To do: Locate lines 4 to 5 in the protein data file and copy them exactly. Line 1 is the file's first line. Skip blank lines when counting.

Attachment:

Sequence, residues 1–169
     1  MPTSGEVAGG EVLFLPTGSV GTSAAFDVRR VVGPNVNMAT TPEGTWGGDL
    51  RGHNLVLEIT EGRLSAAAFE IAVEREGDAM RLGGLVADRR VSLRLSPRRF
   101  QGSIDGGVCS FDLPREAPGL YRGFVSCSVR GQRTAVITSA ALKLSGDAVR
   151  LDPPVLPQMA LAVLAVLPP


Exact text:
   101  QGSIDGGVCS FDLPREAPGL YRGFVSCSVR GQRTAVITSA ALKLSGDAVR
   151  LDPPVLPQMA LAVLAVLPP